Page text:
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November 16, 2023

With higher interest rates, increased equipment prices and a decline in commodity prices, farm equipment sales are anticipated to slow going into 2024, according to Farm Credit Canada’s (FCC) 2024 outlook for the Canadian farm equipment market. But an aging equipment fleet could make the slowdown short-lived.


The farm equipment market saw strong sales at the start of 2023 as inventory levels of new equipment rebounded and farmers recorded record-high cash receipts. Canadian implement manufacturing dollar sales are also expected to finish higher in 2023 due to price inflation on raw material used in manufacturing. But with drought in western Canada and tighter revenues for the hog and dairy sectors in eastern Canada, combined with high interest rates, producers are expected to be more cautious entering 2024.


“Farm revenue is a main driver in equipment sales,” said J.P. Gervais, FCC’s chief economist. “Record-high crop receipts in 2022 and the first half of 2023 put many Canadian farmers in a strong financial position to absorb the rising interest rates and equipment prices. We saw more cash purchases. This year, the drought in western Canada has impacted overall production, reducing cash flow for some producers.”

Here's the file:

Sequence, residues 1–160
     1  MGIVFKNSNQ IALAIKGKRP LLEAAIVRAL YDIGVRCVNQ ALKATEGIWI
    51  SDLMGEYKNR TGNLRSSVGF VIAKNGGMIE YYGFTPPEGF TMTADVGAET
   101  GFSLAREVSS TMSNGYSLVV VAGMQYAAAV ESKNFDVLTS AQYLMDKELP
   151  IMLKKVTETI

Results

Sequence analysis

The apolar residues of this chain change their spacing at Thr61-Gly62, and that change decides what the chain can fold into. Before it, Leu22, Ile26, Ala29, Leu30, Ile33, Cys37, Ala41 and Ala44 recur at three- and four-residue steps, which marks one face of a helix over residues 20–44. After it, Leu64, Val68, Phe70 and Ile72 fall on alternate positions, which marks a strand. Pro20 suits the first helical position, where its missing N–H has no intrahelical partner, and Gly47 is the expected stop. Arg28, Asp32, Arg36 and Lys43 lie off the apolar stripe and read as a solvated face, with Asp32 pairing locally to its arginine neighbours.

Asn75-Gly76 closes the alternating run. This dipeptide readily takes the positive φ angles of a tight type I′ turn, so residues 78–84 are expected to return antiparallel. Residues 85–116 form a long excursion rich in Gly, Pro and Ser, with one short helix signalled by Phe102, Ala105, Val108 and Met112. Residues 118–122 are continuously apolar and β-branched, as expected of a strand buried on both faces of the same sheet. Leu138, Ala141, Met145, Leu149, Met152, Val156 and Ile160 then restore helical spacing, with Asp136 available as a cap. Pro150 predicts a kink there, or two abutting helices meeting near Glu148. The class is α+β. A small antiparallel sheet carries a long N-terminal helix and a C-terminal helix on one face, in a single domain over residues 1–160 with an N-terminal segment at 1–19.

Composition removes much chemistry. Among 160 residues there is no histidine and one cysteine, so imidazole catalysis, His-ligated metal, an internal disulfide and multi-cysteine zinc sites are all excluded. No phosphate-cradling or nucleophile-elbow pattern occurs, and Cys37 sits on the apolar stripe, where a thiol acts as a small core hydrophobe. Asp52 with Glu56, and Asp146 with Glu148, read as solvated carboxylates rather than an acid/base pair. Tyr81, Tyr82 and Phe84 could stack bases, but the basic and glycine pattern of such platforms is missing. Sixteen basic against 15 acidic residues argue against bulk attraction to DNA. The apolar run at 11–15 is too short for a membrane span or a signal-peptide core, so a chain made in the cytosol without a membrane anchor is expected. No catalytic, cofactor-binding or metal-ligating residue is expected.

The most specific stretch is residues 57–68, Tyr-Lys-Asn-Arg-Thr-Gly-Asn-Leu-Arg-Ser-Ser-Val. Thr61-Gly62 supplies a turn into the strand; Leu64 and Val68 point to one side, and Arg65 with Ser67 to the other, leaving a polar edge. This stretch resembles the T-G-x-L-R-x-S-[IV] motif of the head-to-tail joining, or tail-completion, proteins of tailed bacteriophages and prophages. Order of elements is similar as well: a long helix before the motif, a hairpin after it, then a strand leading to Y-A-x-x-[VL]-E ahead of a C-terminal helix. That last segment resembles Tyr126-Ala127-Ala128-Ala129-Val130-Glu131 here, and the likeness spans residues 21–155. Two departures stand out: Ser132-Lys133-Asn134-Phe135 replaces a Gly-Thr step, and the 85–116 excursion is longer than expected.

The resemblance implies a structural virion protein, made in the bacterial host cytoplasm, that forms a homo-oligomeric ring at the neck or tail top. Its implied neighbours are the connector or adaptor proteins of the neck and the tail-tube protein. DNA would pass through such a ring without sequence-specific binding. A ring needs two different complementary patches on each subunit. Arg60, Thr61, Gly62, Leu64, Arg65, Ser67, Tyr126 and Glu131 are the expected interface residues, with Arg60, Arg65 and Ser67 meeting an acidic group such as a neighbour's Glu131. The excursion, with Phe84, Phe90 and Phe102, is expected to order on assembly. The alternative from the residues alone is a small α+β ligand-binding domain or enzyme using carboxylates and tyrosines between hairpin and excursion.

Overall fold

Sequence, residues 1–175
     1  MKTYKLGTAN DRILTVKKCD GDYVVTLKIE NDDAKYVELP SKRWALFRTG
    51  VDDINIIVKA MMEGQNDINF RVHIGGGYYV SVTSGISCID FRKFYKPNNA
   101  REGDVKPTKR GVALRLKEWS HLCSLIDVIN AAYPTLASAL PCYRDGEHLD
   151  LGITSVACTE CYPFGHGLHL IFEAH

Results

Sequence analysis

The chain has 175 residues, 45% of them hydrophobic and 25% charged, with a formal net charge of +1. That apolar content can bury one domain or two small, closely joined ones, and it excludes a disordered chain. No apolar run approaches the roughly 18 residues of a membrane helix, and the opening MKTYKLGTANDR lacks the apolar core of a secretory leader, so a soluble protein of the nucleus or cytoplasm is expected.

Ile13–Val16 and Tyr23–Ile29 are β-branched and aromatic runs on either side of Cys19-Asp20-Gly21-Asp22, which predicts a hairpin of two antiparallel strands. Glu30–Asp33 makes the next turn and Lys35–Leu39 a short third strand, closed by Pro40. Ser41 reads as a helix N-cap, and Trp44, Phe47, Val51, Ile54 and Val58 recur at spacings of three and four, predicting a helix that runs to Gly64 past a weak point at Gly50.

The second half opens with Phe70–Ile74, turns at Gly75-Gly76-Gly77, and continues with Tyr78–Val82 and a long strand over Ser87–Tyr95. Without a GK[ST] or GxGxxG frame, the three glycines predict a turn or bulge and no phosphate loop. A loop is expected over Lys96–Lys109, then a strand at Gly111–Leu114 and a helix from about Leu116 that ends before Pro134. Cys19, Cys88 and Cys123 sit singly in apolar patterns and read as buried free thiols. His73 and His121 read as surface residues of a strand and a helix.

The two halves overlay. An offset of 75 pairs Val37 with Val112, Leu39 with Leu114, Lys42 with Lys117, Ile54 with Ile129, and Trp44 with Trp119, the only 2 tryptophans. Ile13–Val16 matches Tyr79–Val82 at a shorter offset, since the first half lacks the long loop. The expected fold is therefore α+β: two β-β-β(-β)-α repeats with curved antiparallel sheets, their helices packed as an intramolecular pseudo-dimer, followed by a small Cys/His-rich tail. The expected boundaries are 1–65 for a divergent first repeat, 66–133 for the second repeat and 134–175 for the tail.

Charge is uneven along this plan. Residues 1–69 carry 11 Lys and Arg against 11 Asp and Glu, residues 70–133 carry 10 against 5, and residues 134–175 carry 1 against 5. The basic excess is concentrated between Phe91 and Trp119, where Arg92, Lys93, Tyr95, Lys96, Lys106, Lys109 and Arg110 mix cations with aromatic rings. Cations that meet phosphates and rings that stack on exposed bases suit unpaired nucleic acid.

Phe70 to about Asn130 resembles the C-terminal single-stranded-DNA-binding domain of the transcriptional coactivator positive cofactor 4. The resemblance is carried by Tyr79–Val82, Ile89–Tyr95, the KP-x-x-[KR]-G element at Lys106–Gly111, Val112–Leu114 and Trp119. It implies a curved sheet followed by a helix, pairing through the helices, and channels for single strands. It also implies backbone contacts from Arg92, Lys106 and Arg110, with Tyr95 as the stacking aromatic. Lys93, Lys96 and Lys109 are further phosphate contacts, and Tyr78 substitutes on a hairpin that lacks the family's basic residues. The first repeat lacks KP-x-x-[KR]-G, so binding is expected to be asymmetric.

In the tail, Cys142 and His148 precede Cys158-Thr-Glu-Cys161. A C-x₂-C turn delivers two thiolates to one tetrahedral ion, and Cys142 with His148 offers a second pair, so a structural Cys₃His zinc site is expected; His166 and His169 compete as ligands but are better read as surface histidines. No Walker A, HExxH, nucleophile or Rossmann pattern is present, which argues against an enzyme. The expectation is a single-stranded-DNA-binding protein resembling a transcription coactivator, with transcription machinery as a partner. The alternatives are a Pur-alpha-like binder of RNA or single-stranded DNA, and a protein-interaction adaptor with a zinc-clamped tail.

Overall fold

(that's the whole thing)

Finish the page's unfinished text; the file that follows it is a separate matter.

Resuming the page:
A slowing of equipment sales means new inventory levels will continue to increase, returning closer to pre-pandemic levels. In 2023, inventory of new equipment rebounded and is now in line with the five-year average for most categories. Air drills and 4WD tractors are some of the few equipment categories where sales growth is anticipated in 2024 as delivery issues and low inventory in prior years drive sales up.


However, strong equipment sales between 2008 and 2014 and longer replacement cycles indicate that Canadian farm equipment fleets are starting to age.


“Producers will be weighing the efficiency gains of newer equipment compared to the costs of repairing their current fleet,” explained Gervais. “This creates an opportunity for equipment dealers to sell new and used machines, as well as sell parts and offer services to maintain older fleets. This is a trend to watch in 2024.”


For more economic insights and analysis, visit FCC Economics at


Source: Farm Credit Canada November 16, 2023 news release


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Submitted by Karen Davidson on 16 November 2023